At the 2016 AVN Awards, the Only Dirty Words Were "James Deen"

Has porn turned its back on its biggest star? Here's what Deen has to say.
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Ali Drucker
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Has porn turned its back on its biggest star? Here's what Deen has to say.
(Photo: Getty Images)

(Photo: Getty Images)

James Deen is a very small man who has caused some very big problems. His fame turned to infamy back in November of 2015, when his ex-girlfriend and adult film actress Stoya accused him of rape on Twitter. Since then, her allegations caused a firestorm of other female adult performers to come forward and share similar experiences. Today that group has climbed to nine people, and many liken Deen to the Bill Cosby of the porn industry. Companies like Kink.com and Evil Angel cut ties with Deen, and his company, James Deen Productions, is currently under investigation by OSHA. But what would his reception be like at the AVN Awards, the "Oscars for Porn"? Surrounded by fans and colleagues he's worked with for years, would the trail of suspicion follow him to Las Vegas?

Yes. At the Adult Video News Expo, uttering the name "Deen" elicited side-eye and tight lips from performers and publicists alike. No one I encountered wanted to side with him, but no one wanted to publicly bash him, either. In the press room, rumors circulated about certain nominees who asked reporters to turn their recorders off if they so much as brought Deen up in an interview. And you can't blame them. Stars, directors, and writers alike work all year for this occasion, and their accomplishments are perhaps seemingly diminished by people asking about porn's boy next door gone astray.

When I first met him at this year's expo, my only thought was how unbelievably small this man was. Though his Wikipedia page lists him at 5'8", all five feet of me— wearing four-inch heels—looked him squarely in the eye. His slim frame and laid back demeanor are hardly characteristics that would normally draw attention, but flanked by handlers and crowds, you couldn't miss him. We shook hands and chatted about nothing in particular. At one point he alerted another reporter to some lipstick on her teeth, and we mutually agreed that's the kindest thing you can do for another person. "It's a mitzvah," I said, to which he nodded and laughed. He seemed affable, outgoing, almost charming—as his narrative so often goes. Until you remember the frighteningly vivid scenes women have described, including getting hit in the face so hard their jaws locked up, or being sodomized with a beer bottle.

But if the porn industry wants to downplay the ordeal, it certainly hasn't affected his public perception among fans. While mingling with hotel guests and industry professionals at the Hard Rock Hotel on Friday night, I witnessed dozens of people shaking his hand, telling them how much they loved his work, even buying him drinks. At one point, a Zach Galifianakis impersonator in full-on Hangover attire, complete with a fake monkey, approached him for a selfie.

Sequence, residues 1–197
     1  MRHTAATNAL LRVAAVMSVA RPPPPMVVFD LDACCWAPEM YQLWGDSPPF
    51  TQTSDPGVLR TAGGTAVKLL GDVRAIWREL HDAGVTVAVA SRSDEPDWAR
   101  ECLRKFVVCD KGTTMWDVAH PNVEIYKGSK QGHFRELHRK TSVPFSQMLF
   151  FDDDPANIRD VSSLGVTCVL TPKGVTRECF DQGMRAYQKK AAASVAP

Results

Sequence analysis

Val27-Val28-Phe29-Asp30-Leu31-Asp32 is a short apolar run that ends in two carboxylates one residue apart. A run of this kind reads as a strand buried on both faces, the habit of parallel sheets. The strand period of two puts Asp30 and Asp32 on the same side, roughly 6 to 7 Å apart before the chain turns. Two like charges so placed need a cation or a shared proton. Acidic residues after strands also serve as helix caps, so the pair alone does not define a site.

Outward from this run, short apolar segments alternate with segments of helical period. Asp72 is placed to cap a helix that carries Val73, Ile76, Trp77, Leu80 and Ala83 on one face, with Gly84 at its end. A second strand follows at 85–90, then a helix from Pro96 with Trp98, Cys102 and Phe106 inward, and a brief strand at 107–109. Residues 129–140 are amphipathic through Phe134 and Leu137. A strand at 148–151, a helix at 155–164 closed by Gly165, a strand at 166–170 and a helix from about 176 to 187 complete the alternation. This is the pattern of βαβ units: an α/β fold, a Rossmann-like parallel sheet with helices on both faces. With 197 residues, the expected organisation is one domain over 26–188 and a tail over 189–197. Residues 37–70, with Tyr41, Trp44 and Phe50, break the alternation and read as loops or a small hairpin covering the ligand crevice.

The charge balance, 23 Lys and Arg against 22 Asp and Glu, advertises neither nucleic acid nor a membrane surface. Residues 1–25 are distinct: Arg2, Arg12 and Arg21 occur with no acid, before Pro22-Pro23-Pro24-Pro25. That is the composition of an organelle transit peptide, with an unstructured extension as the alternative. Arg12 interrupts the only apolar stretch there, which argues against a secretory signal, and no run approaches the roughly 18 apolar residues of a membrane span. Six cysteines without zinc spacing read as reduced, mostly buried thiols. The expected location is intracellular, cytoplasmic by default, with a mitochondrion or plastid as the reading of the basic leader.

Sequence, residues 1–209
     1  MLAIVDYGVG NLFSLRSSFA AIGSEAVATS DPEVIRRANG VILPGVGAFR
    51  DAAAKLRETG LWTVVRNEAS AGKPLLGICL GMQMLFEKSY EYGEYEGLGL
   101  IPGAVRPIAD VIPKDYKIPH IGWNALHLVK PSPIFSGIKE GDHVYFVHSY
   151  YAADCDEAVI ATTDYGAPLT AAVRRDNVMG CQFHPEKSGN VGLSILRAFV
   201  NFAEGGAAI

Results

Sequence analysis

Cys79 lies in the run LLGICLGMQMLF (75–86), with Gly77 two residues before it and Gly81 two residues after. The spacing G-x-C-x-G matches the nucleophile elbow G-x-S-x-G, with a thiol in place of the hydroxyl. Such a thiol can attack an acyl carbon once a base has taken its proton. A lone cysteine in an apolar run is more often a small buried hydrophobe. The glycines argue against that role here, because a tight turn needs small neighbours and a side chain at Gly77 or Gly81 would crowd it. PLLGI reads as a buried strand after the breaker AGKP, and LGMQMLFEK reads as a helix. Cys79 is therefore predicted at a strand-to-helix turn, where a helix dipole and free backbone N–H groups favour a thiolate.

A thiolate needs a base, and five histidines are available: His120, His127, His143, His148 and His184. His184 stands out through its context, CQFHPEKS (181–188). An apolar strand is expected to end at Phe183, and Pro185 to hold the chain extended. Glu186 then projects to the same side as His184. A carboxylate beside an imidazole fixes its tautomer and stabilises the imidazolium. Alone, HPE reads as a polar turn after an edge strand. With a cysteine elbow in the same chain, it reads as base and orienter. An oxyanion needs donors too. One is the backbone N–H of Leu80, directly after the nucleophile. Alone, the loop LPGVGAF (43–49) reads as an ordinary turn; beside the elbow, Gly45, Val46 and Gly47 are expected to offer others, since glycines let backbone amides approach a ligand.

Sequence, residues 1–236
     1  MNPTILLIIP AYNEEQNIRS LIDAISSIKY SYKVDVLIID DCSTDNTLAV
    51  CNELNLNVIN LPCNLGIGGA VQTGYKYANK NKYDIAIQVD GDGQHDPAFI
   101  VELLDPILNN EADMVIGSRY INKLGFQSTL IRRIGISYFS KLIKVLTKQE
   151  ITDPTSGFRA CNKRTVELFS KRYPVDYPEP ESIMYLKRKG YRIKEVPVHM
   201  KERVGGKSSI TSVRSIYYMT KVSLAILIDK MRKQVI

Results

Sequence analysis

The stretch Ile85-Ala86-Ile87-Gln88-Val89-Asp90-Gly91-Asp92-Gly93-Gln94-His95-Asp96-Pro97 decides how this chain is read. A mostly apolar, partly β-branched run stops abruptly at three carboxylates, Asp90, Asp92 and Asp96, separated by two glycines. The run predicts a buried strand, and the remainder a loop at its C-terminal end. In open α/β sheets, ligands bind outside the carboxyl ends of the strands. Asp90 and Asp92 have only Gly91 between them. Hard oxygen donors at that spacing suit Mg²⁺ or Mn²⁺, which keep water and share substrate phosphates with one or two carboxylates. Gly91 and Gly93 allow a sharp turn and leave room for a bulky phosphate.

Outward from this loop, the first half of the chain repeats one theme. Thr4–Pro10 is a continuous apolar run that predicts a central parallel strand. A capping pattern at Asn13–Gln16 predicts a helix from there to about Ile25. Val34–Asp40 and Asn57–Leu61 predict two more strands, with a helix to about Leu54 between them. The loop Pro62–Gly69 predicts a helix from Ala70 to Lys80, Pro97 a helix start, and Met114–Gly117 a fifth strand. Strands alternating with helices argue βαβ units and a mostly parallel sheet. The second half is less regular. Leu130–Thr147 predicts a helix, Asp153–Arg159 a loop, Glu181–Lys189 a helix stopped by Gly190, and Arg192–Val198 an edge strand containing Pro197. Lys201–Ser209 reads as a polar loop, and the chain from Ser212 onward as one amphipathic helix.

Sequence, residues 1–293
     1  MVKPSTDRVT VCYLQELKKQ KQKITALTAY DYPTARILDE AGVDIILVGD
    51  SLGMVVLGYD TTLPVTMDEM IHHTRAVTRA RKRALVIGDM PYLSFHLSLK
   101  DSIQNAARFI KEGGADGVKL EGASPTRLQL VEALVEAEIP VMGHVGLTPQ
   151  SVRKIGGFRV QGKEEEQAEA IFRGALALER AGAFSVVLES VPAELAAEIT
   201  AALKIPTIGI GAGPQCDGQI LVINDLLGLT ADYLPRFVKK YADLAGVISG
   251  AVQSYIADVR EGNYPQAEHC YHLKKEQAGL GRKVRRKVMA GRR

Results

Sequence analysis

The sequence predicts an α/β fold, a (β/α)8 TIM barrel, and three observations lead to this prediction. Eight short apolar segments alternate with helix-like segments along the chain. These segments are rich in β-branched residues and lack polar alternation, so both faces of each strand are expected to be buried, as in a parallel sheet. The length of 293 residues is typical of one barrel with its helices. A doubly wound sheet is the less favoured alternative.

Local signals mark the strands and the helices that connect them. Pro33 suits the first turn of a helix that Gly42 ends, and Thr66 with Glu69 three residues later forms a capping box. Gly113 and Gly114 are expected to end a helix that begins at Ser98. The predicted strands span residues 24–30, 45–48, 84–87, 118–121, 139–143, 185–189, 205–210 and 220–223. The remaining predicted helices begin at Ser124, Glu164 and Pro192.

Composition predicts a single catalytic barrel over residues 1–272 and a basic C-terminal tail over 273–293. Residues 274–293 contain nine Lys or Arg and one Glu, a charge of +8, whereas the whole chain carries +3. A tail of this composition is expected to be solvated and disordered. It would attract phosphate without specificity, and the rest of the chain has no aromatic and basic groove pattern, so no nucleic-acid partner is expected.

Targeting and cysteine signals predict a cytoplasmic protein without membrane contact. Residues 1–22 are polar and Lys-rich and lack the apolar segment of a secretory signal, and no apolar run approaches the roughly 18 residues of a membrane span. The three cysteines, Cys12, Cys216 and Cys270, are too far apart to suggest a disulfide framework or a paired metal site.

I saw him again on Saturday on the red carpet, where he smiled for crowds and posed for photos. This year, Deen was up for a prolific 33 awards, including "Best Male Performer." And according to him, that's the only one that matters. When asked about his nominations, Deen told Maxim, "Male performer of the year—that’s kind of all I care about. I could be nominated for everything else, but that’s the one that always means the most to me. Because it’s the thing that I love to do the most, it’s perform."

In a year where his most performative role is perhaps acting nonplussed in the face of controversy, one wonders why he came to the awards at all this year. When I asked, he was again unfazed by the hint of skepticism in the question. "It’s always important for me to be at the awards every year. I used to not care. I used to just be like ‘Oh yeah, whatever, I don’t care about the AVN awards!’ and then I won one, and then every year after that, it’s the most important time of the year. If AVN was canceled...I would be sad," Deen explained.

He went on to tell me that Stockholm Syndrome was among his favorite projects this past year. An eerie choice, considering the film is about a woman who gets abducted by a criminal, and plays with boundaries of consent.

But if winning accolades is what fuels him, on Saturday night he was perhaps very disappointed. When his photo was plastered on the monitor as the nominees were read, no one seemed to cheer for him the way they yelled and clapped for the other performers. After all, who wants to applaud an alleged serial rapist? 

Deen went on to win twice, in the "Best Double Penetration Sex Scene" and "Best Group Sex Scene" categories. His coveted "Male Performer of the Year" title went to Mick Blue. Since his wins were for smaller awards, he never graced the stage, and it's difficult to speculate what would have happened if he had.

While some of his fans might be quick to forgive and forget, it's clear from his presence this weekend that he left a bad taste in many people's mouths. 

But is it bad enough for the industry to fully embrace him again? Only time can tell if there's any hope left for the boy next door.